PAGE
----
Finding time to exercise as a new mum

By Jugglr

After spending nine months sharing your body with your baby, the prospect of becoming more physically active might feel intimidating at first. By working at your own speed to develop and maintain a healthy state of mental and physical wellbeing, you will be in a better position to experience the challenges and joys of motherhood.

There are numerous benefits that come with exercising regularly as a new mum, including:

  • Easing your post-birth physical recovery
  • Restoring muscle strength and endurance
  • Increasing your energy levels
  • Relieving stress and anxiety

However, new mums are often limited in the amount of physical activity they are able to do. Sometimes the reason is physiological, making sure the body is comfortable and recovering smoothly before additional exercise is introduced. However, while this physical limitation is temporary, there are other, more permanent obstacles that a new mum may encounter when she begins to exercise after the birth of her little one:

  • Asking someone to babysit on a regular basis is not always a viable option
  • Caring for the needs of a newborn makes it difficult to establish a predictable routine
  • Making exercise a top priority when pressed for time can create personal concerns and doubts


The level of daily support available to new mums is different for every household. You may have ready access to family members and friends who are willing to help you through the initial period of adjustment. You may have a partner who is able to evenly share the responsibilities of caring for a newborn baby. But when asking someone to babysit on a regular basis isn’t a viable option for you, it becomes more difficult to exercise consistently.

By connecting with new groups and services dedicated to helping mothers adjust to their new family routines, the number of options you have to choose from when planning a trip to the gym can increase significantly.

‘Mums and Bubs’ group fitness classes eliminate the need to find a babysitter before exercising. For a more private approach to physical activity, baby-sitting clubs organised between friends or within mothers’ groups can provide new mums with a consistent source of support by exchanging parenting duties with one another.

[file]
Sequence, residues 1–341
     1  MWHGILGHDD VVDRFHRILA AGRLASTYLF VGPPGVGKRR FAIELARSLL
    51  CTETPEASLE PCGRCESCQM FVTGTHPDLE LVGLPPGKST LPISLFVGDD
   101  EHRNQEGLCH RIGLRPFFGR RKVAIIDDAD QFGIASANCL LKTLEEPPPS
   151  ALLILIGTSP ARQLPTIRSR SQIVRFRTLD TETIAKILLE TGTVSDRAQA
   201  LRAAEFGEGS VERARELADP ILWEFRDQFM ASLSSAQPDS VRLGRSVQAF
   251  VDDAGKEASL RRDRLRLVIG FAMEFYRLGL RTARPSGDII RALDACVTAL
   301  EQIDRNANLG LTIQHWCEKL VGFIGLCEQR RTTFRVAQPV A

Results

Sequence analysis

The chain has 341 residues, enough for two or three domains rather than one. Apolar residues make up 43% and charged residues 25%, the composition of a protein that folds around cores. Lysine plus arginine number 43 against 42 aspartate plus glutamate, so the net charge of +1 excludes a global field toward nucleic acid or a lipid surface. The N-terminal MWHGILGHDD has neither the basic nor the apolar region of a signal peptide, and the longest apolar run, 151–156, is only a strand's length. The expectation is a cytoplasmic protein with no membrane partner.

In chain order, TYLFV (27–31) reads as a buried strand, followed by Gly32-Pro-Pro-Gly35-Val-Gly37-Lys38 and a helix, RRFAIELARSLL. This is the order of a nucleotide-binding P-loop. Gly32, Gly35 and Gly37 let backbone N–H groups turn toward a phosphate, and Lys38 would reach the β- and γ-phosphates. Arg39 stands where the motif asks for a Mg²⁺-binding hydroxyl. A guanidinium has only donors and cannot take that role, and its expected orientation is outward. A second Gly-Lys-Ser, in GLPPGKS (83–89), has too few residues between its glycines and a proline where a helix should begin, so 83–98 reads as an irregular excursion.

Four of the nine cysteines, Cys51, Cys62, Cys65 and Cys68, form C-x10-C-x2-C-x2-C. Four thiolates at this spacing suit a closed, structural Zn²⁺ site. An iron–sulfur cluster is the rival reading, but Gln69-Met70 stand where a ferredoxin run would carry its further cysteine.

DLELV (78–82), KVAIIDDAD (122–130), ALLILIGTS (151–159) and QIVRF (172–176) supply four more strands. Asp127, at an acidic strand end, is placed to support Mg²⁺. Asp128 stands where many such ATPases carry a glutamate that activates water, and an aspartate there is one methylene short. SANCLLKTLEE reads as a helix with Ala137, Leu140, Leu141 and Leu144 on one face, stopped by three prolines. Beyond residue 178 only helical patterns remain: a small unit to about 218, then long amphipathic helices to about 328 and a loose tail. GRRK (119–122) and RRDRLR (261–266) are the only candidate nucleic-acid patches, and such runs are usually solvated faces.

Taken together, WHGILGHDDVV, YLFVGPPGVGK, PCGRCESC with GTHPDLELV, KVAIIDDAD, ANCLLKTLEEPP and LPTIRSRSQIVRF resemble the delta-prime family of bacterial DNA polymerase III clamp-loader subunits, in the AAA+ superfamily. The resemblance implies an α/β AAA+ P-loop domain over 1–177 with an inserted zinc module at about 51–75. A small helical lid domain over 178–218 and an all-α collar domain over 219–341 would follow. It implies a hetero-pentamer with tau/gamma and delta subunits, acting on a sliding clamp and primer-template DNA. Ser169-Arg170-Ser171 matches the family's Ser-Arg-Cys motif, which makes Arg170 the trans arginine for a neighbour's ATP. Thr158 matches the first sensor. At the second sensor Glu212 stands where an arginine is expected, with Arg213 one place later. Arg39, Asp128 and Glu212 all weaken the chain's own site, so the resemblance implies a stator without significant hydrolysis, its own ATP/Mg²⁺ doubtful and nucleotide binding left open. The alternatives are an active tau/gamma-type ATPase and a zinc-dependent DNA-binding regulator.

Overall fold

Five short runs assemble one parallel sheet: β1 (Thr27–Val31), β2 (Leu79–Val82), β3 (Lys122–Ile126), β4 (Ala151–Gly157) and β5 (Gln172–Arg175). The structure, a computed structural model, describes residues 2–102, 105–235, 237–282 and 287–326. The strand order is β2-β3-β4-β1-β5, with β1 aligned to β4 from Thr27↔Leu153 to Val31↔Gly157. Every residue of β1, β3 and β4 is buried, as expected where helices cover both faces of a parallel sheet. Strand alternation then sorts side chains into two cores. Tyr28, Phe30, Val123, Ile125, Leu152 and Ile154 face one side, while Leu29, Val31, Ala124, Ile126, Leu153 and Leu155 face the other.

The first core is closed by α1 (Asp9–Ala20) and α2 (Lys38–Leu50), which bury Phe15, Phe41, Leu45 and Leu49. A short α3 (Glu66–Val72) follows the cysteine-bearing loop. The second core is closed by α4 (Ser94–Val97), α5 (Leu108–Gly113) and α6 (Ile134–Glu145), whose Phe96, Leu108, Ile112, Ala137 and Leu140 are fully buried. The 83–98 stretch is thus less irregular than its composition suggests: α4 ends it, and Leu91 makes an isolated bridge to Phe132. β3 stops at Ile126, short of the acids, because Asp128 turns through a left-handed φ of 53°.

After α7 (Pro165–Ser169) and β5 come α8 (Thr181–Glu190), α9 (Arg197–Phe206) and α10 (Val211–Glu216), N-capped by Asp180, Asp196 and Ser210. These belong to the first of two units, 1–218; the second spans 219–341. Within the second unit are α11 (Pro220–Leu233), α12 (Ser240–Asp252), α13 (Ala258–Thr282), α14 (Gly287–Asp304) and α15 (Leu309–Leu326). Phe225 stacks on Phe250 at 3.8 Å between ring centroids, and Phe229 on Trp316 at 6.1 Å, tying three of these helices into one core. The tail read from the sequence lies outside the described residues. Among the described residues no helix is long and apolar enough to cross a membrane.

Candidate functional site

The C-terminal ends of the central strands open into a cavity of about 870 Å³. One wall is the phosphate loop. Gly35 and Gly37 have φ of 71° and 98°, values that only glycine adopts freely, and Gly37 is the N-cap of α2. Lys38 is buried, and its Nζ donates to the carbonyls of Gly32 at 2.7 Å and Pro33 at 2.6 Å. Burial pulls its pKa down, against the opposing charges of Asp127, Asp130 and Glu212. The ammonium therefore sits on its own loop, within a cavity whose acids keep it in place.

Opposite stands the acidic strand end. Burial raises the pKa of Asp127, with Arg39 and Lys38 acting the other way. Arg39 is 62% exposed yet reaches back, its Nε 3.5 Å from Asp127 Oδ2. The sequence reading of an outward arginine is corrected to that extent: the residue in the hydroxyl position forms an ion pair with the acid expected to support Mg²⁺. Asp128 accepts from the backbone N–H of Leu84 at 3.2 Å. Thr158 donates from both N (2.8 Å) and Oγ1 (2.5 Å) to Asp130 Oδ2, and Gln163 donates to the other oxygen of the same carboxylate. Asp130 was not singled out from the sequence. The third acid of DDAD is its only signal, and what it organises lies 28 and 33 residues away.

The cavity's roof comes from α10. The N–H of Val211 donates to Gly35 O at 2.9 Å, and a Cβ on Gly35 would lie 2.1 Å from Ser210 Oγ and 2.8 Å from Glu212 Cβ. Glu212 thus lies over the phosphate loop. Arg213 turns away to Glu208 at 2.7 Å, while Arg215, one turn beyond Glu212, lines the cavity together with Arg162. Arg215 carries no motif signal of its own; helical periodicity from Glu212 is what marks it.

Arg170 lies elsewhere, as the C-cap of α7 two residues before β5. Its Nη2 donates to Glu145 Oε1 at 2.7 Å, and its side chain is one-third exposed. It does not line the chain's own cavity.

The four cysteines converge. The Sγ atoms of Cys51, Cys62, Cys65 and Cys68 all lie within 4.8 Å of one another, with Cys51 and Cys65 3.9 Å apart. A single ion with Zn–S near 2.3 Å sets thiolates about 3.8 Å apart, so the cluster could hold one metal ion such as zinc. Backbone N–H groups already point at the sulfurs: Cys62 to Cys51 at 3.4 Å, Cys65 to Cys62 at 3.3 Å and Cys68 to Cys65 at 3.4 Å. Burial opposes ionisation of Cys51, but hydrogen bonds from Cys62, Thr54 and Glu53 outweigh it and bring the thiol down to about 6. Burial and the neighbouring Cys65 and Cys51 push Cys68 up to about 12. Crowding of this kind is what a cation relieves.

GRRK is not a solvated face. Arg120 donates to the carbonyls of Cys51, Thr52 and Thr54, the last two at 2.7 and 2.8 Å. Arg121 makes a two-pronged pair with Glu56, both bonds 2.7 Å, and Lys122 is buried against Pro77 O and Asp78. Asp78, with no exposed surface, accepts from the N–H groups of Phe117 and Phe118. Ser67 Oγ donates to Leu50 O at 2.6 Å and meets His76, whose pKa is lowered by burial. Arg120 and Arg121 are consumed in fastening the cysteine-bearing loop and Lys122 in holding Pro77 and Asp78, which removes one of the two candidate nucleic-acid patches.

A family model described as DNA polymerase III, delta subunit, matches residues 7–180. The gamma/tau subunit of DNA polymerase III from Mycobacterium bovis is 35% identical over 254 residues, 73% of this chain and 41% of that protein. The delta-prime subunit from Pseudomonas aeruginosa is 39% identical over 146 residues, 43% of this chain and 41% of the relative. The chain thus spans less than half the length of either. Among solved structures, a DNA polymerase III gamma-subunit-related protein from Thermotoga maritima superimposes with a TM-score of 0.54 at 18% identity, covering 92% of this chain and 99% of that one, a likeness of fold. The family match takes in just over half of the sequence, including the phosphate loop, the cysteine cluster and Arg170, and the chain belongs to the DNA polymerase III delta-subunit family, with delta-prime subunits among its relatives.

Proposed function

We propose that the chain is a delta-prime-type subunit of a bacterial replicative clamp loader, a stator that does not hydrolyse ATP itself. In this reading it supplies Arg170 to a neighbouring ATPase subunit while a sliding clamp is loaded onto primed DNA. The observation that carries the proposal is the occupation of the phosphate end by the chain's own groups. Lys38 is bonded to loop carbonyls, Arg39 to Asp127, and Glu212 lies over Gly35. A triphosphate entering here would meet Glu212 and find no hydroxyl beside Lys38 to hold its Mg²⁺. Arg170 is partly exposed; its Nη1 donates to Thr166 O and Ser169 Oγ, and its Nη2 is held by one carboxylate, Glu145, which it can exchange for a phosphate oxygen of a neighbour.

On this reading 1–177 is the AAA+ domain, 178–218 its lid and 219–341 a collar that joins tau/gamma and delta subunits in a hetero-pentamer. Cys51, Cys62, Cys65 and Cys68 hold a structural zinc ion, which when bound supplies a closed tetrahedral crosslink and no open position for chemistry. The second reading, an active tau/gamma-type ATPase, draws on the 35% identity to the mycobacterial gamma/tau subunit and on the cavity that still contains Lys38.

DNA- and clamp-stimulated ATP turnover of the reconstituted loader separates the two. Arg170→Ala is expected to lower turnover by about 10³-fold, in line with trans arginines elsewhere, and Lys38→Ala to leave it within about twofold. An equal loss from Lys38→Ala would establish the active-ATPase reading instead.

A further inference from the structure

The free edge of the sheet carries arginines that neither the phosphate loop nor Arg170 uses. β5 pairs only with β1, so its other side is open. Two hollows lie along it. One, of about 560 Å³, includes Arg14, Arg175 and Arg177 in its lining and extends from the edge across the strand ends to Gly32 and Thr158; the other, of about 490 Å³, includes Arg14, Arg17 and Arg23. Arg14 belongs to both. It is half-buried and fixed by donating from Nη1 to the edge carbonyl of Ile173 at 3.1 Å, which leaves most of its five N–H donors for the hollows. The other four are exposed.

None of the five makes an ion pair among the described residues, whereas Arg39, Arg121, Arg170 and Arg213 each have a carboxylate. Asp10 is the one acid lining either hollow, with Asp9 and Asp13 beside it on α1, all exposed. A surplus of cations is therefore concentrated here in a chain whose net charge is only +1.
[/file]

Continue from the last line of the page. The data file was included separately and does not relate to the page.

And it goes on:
Technology is making it even easier for mums to connect with other women in their local area and work together to achieve their personal fitness goals. Sharing-based apps allow new mums to more effectively coordinate their schedules to help each other find more free time to exercise.


While connecting with new groups and services is a great option for mums, the best laid plans often go astray when an infant is involved. Caring for the needs of a fussy newborn makes it difficult for new mums to establish a predictable routine.

When the baby is at a particularly difficult age and stage, new mums can maintain their commitment to physical activity by adapting their routine to fit their little one’s moods:

  • When the baby is sleeping, pelvic floor and abdominal exercises can be done quickly and quietly
  • When the baby is in a playful mood, lifting him/her up in the air and squatting down can strength your arms, shoulders, and gluteal muscles
  • When the baby is being fussy, gentle rocking over a long period of time can help to tone your biceps

To avoid repetition in the type of exercises you do while caring for your little one, it is possible to create flashcards that can be stored in the baby’s room or on your smartphone. When you find yourself with a spare minute, you can pick a card and complete the exercise. Although sporadic, this activity will help to keep your body guessing and create more flexibility in your fitness routine.


The final hurdle that new mums often have to overcome when making exercise a top priority is the emergence of personal doubts and concerns. While every mother deserves to spend “me time” on a personal activity, the decision to become more physically active can make you feel guilty that you’re putting your needs ahead of your role as a full-time mum.

This guilt can be aggravated by concerns that the exercise won’t “pay off”. However, it is important to remember that the advantages of working out are not limited to weight loss. Stress relief, muscle strength, cardiovascular endurance, and increased energy levels are all real benefits available to new mums.

To alleviate these concerns, you can share your fitness goals with your family, friends, and loved ones. With technology, the ability to share your motivation for exercising and your current progress has become quick and easy. With the validation of an online community of support, it is easier for new mums to overcome their personal concerns and feel confident about the choice to make exercise a top priority in their regular routines.

Note: The views and advice expressed on this blog post are those of the author and are not representative of the Pregnancy Babies & Children's Expo.

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